1. I understand completely. I am quite a fan of exercise in my own way (I love cycling on my exercise bike for hours while playing tetris), but I’ve never been comfortable in gyms. I’m not very good in mass social situations anyway, but at gyms it always feels so much more heightened, like everyone is looking at and assessing you. And not just because your the only one who brought their Gameboy to play on the running machine.

    I also hate the assumption of wanting to “get toned” “lose weight”, etc. Due to various medications over my life I’ve had a terrible time maintaining a healthy weight and am almost always either underweight or overweight. It doesn’t seem to matter which, though, at a gym, because you never feel like you look right. I’ve also always had the issue with classes that I haven’t had the ability to do many of the things because of my bad back – do you have this issue at all? I found it a particular problem in both Pilates and Yoga and gave up on both. The issue wasn’t that the instructor wasn’t willing to give me other exercises or work around it, but I always felt like I got even weirder looks, because, of course, you can’t be young with back problems.

    Still, the fact is, the endorphins are a blast and exercising can be serious fun. We have to put our feminist theory into practice and ignore those looks (many of which are probably imagined), and own our confidence. Own our desire to exercise for reasons other than body image.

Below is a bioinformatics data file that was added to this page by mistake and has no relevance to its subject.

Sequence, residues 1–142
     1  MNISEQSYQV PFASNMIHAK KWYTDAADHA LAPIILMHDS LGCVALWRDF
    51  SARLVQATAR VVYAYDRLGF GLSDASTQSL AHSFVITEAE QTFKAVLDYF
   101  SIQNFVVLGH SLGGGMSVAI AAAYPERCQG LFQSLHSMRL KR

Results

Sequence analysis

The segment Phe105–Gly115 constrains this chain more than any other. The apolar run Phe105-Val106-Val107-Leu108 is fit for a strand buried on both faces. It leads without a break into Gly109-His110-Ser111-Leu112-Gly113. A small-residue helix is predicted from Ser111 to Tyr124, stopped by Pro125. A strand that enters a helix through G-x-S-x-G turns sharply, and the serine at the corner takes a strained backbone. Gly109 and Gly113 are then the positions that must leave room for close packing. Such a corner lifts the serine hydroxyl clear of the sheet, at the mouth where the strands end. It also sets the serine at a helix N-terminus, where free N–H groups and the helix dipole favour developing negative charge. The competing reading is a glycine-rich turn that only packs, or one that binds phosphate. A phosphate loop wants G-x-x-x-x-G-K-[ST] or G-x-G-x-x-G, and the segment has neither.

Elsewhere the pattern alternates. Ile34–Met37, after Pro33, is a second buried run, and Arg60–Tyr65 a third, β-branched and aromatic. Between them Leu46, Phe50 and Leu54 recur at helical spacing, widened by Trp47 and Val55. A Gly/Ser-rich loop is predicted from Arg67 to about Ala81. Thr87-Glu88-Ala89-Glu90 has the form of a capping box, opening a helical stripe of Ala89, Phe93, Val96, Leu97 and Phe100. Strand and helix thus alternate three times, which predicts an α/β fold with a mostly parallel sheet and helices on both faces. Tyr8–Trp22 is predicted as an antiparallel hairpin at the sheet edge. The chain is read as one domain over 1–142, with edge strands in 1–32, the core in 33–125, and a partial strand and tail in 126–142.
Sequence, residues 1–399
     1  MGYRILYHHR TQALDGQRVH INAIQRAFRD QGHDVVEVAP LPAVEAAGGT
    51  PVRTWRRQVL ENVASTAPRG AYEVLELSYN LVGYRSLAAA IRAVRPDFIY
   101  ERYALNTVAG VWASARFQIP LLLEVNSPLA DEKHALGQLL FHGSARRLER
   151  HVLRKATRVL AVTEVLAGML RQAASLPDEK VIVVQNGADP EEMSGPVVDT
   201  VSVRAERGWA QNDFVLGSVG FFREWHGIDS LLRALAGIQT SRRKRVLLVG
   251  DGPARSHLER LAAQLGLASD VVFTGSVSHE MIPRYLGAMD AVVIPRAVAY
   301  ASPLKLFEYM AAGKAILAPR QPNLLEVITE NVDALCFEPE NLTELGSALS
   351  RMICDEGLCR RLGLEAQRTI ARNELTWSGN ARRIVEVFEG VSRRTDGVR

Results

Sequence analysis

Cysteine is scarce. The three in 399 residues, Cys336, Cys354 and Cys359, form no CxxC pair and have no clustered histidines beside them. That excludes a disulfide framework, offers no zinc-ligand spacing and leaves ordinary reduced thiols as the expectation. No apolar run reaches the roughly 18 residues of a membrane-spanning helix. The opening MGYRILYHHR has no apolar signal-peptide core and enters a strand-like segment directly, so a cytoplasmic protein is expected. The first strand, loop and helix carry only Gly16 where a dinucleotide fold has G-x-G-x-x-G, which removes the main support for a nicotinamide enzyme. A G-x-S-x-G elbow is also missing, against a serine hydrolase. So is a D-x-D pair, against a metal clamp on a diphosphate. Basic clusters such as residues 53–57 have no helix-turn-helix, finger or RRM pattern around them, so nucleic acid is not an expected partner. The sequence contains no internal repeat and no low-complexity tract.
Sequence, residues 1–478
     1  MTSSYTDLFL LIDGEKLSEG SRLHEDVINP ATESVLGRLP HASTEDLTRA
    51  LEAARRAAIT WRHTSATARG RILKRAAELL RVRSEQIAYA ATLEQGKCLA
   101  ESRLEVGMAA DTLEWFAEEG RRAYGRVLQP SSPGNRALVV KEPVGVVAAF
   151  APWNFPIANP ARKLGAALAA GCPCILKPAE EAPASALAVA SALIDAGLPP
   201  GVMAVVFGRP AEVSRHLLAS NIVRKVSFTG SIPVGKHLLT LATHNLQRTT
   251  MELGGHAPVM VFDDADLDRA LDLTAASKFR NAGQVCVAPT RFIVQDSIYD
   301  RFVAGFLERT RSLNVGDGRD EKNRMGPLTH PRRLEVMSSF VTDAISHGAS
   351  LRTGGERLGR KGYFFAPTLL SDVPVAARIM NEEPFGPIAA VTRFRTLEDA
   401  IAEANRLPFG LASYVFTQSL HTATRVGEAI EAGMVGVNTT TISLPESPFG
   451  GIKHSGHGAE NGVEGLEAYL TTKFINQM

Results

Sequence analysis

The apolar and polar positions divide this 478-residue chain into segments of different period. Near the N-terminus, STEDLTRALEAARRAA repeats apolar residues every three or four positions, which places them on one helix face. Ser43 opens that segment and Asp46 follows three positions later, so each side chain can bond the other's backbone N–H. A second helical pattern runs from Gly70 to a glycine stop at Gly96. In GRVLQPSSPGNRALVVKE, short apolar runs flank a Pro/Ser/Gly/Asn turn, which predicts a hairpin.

HAVE FUN!

    1. Thanks for the lovely comment, Holly! I love cycling too (except the actual bike kind, which doubles as my main form of affordable and quick transport). ‘Getting toned’ is such a weird thing, isn’t it? It’s like the thin-people-version of lose weight.

      I know what you mean about the being young and having back problems thing, too. I don’t have any mobility issues with mine, just pain issues when I’m not moving. You do feel like you’re being scrutinised a lot, which for me (because of my insane competitive streak) means I push myself far too hard and then can’t move the next day. But anyway, I shall do as you say and put the theory into practise, and try to have fun with it. 🙂

  2. I couldn’t agree more and am relieved to read my thoughts reflected through someone else. I have always enjoyed working out and letting my body feel the rewarding excursion. However, going to the facility on my campus has always been an interesting situation. There is definitely a machismo type atmosphere, mingled with a pressure cooker of social expectation. I like to think that I’m body positive toward myself, but it’s difficult to focus on my own goals in baggy t-shirts and shorts, sandwiched between a cologne clogged muscle man and a beaming young lady in tight shorts without a drop of sweat. All I want, is to feel at ease and focused when I’m at the gym, not trapped and on display. It shouldn’t be a competition.

    I prefer outdoor exercise, but my schedule doesn’t allow it very often. The gym is convenient, yet less than par. I just want to get my body back into shape and feel my very best. If only others could see the same of one another.